I thought it had a name along the lines of interlocular groove, but I haven't been able to find that term anywhere.
I think what you are looking for is the connective. Anthers are usually two-lobed and connected by a band of sterile tissue that also connects the anther with the filament - therefore the name, I guess (see Wikipedia article for stamen). It says
Most commonly anthers are two-lobed and are attached to the filament either at the base or in the middle area of the anther. The sterile tissue between the lobes is called the connective.
Each anther lobe usually consists of two pollen sacs (see Wikipedia article for microsporangia). It says:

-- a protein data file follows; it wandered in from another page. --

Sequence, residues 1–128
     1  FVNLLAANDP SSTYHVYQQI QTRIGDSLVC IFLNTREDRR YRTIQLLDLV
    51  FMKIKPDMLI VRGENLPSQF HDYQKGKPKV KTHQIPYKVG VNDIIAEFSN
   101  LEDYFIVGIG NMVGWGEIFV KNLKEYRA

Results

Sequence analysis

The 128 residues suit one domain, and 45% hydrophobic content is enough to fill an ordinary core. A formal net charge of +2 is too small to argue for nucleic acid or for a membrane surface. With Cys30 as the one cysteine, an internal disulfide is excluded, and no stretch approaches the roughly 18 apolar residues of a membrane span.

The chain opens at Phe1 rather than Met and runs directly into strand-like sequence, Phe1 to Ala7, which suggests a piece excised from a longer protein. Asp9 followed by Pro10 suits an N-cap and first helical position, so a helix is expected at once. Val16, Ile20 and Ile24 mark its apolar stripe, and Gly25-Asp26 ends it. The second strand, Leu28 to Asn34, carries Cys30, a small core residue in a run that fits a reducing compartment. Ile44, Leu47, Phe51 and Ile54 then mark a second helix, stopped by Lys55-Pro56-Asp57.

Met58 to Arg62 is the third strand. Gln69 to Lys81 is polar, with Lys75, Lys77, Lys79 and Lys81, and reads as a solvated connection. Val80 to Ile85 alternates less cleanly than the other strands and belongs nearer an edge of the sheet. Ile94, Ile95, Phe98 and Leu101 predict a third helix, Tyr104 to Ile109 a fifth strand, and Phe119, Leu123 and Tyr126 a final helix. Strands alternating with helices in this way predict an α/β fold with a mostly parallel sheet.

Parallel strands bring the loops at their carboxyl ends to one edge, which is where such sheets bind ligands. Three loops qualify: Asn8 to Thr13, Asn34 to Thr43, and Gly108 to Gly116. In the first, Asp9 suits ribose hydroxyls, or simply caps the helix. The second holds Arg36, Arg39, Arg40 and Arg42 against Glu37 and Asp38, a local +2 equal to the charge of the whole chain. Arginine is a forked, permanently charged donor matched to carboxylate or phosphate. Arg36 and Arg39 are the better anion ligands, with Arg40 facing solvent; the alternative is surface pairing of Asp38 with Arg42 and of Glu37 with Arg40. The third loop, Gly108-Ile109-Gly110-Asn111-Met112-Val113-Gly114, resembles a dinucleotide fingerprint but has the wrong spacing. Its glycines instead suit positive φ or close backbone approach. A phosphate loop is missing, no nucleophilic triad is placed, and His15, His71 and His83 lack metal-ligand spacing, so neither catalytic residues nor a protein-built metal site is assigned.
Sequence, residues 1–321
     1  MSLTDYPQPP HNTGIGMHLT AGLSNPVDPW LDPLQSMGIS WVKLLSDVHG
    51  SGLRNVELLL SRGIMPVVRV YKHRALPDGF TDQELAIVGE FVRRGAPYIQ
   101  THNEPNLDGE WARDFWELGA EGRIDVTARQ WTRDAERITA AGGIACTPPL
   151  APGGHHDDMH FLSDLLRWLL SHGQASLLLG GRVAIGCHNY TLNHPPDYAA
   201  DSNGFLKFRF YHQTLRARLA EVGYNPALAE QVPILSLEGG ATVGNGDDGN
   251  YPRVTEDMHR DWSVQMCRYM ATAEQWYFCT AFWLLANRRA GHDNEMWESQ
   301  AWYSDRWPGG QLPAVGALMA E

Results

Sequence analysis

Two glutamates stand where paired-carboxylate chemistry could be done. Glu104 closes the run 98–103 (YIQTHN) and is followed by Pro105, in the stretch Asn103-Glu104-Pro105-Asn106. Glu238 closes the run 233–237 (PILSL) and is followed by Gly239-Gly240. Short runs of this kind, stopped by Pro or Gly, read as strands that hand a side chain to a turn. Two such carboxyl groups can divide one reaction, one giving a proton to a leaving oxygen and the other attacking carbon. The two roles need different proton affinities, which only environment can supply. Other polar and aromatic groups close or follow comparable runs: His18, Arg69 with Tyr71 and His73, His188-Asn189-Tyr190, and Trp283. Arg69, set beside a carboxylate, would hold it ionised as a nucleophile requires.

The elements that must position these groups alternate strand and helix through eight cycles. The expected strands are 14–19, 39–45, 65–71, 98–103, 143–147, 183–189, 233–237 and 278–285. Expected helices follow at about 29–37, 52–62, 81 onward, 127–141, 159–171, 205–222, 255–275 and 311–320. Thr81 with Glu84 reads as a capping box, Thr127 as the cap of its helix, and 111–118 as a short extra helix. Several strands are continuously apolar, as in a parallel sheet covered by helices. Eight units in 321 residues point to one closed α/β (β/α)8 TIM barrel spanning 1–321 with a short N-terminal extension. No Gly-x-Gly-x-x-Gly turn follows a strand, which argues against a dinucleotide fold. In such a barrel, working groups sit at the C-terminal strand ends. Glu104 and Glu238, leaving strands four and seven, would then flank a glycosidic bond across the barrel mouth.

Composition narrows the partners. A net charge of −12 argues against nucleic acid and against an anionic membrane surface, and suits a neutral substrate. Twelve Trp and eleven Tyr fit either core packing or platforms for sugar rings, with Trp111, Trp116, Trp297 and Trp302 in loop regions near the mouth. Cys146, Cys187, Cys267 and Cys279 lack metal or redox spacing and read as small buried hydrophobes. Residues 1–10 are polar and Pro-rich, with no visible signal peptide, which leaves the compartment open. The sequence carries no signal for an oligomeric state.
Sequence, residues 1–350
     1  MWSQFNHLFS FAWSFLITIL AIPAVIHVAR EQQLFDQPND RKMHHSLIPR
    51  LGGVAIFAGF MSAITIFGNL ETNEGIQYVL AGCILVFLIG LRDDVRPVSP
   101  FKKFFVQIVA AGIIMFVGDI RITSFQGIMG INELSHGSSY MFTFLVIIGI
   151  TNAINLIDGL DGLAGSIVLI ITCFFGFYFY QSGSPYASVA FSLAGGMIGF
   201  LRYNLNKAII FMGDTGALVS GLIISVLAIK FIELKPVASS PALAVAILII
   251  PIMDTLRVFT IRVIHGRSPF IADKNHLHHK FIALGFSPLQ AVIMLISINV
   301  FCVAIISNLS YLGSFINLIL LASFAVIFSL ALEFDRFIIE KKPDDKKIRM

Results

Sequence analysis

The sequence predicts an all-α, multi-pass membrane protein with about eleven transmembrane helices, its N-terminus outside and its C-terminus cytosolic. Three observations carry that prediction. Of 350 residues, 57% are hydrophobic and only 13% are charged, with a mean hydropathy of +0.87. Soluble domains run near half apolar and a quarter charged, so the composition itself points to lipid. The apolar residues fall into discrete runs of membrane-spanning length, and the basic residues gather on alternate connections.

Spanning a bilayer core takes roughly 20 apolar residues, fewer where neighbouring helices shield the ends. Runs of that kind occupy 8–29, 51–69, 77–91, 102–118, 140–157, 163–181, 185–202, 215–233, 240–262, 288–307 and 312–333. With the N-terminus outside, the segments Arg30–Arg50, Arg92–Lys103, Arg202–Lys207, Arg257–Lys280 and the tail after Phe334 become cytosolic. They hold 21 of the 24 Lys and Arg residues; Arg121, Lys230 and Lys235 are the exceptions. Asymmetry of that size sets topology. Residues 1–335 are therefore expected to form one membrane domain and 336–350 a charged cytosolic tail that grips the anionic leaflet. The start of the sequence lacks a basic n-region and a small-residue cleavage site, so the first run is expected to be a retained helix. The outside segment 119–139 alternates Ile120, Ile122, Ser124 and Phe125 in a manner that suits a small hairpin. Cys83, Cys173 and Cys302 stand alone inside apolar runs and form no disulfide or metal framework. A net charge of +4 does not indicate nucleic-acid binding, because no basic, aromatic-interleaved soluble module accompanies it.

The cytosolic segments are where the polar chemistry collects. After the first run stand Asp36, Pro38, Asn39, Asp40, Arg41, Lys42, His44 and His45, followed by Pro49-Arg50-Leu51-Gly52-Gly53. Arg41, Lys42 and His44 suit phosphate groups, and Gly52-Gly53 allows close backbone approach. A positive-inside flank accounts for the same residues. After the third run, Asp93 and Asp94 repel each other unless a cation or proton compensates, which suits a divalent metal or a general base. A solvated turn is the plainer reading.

Each anther lobe develops two pollen sacs. Thus, a two-lobed anther develops four pollen sacs situated at four corners of the anther.
And further (accentuation by me)
The cells of endothecium possess fibrous thickenings. They remain thin-walled and constitute stomium (line of dehiscence) in the shallow groove in between the two microsporangia of the anther lobe.
This groove frequently is called by its orientation, i.e. longitudinal groove, even though I do not think this really is a well-defined technical term (but do a quick Google search for
"longitudinal groove" anther and you will find several biology books using the term, e.g. this).